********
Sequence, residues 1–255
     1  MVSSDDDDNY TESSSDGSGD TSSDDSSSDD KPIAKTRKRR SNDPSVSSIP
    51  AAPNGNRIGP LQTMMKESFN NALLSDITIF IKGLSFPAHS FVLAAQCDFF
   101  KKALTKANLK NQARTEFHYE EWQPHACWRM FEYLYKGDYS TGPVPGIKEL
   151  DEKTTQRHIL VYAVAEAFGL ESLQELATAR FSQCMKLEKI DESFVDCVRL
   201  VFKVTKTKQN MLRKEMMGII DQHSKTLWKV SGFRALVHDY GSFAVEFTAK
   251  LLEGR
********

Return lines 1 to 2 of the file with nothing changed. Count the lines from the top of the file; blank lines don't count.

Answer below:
Sequence, residues 1–255
     1  MVSSDDDDNY TESSSDGSGD TSSDDSSSDD KPIAKTRKRR SNDPSVSSIP